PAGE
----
the Ori'g. service. To the maintenance whereof, the abbot limitted, appointed, and assigned 
Grants and q^^, divci's closcs, or parccls of lands, meadow and {)asture, lying in Honiton and 
^'' "' Auliscombe aforesaid, for the maintenance and sustentation of the said governor, and 

the four leprous people of the said hospital, for ever. That is to say, one close ly- 
ing in Honiton, on the east-side of the way leading to Exeter, containing, by esti- 
mation, two acres and three quarters, one other close thereunto adjoyning, in Ho- 
niton aforesaid, containing, by estimation, three acres and one quarter, one other 
close in Honiton, aforesaid, lying on fhe same side of the way aforesaid, containing 



by estimation, one acre; thechappel, messuage, orchard, and herb-garden, on the same 
side also, containing, by estimation, one yard of land; which how much that may 
be, is uncertain : moreover, he gave one piece of meadow-ground, lying in Ottery- 
Moor, in the said parish of Honiton, containing, by estimation, half an acre ; two 
other several pieces of ground in Honiton aforesaid, lying on the west-side of the 
same way, containing, by estimation, four acres ; one meadow adjoyning to the said 
messuage, containing, by estimation, two acres ; one other close in Honiton afore- 
said, lying on the same west-side of the way, containing, by estimation, five acres ; 
and one meadow, called Spittle-meadow, lying in Aulescombe aforesaid, containing,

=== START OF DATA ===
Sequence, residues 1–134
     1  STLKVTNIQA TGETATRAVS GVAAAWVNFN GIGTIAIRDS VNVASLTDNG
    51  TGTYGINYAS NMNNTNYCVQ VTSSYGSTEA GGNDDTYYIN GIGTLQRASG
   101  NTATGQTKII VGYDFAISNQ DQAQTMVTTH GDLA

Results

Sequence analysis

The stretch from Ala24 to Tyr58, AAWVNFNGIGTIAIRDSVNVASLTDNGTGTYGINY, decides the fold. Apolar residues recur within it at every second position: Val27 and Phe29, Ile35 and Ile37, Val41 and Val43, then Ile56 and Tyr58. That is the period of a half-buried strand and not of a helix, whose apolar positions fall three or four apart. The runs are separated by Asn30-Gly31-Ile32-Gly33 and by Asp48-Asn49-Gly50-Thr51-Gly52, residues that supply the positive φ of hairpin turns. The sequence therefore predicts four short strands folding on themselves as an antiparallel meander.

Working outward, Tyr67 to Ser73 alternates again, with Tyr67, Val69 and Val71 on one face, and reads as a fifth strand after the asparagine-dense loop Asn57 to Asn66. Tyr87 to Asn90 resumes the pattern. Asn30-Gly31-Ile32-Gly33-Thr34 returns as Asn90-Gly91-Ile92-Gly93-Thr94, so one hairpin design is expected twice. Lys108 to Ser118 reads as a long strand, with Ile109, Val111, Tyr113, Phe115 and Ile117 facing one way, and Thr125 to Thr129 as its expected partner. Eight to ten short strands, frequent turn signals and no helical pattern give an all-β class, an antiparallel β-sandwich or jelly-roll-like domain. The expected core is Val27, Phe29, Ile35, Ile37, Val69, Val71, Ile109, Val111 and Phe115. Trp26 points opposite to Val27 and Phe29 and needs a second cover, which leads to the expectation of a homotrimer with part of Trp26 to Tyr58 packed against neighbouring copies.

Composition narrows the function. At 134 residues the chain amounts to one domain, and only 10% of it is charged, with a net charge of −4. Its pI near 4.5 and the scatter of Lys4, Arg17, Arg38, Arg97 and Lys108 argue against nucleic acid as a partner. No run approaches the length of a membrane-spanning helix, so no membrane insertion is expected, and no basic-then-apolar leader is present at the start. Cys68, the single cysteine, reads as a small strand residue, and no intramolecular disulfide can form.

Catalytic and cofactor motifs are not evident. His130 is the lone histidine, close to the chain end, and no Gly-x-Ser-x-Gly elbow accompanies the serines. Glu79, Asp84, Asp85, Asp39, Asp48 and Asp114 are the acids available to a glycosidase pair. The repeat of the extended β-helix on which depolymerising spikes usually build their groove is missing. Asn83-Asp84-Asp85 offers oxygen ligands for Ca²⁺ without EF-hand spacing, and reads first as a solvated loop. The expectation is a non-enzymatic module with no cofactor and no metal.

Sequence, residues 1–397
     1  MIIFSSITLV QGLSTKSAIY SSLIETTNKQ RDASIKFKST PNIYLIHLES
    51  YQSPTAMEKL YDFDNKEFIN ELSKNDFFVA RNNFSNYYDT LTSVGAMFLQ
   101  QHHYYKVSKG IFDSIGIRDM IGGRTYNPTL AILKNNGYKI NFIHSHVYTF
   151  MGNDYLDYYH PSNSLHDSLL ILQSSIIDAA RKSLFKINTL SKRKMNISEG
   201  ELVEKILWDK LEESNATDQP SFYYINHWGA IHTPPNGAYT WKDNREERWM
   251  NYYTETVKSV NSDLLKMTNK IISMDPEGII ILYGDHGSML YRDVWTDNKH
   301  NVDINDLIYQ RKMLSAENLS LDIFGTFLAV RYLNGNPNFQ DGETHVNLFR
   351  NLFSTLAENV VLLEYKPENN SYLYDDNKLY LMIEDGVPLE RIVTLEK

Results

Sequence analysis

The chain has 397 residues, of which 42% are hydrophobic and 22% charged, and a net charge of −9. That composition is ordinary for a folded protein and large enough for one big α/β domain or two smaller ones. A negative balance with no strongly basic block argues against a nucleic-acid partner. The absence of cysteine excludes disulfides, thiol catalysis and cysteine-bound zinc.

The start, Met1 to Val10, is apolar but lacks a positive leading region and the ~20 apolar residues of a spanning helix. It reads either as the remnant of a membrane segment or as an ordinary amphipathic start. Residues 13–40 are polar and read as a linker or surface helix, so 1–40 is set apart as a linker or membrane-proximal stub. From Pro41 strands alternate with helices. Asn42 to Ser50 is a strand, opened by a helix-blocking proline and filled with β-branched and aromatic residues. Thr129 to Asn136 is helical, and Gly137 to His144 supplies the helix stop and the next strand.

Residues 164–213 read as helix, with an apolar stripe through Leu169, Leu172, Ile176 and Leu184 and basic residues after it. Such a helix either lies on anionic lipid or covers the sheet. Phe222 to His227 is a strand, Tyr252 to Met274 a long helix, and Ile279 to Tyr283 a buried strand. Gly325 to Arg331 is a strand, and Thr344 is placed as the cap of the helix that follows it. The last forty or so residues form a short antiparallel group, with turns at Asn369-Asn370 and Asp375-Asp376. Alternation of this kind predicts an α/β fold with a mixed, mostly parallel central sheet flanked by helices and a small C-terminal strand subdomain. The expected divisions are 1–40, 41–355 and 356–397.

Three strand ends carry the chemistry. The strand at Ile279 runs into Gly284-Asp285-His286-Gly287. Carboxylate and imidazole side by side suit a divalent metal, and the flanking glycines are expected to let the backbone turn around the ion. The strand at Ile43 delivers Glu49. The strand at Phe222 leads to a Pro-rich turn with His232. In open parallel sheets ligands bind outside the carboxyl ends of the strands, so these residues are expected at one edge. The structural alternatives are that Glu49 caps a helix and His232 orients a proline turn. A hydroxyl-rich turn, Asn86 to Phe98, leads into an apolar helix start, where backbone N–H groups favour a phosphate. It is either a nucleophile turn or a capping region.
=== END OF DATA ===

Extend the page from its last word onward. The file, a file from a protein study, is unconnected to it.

by estimation, one acre and half : All which, besides the house, garden, and orchard, 
amounts to about twenty acres of good land ; and, with the two closes given to the 
said hospital by the lords of the mannor of Battishorn, in the parish of Honiton afore- 
said, lying under Gobsworthy-hill, containing about two acres, the cleer yearly value 
of five and twenty pounds and six shillings. This is over and besides the yearly head 
rent reserved out of the same, viz. three pounds of wax, and one and twenty pence in 
mony; for which, four shillings in mony was agreed to be paid yearly, to the heir 
male of this family of Chard, living in Aulescombe aforesaid. To whom was like- 
wise reserved, the nomination and appointment of the said governor's place, as oft as 
the same should become void.; who, with the consent of such governor, for the time 
being, had also the placing of all leprous persons into the said hospital, upon the 
death or voidance of such, as were formerly therein ; for the nomination or admit- 
tance of any such person, twelve pence only was to be taken, and no more. = - ■ 

But in ])rocess of time, some of the heirs of this family abusing their trust, taking 
several sums of mony, for placing and admitting certain persons as governor and 
members of the said hospital, leasing the lands at their pleasure, &c. a commission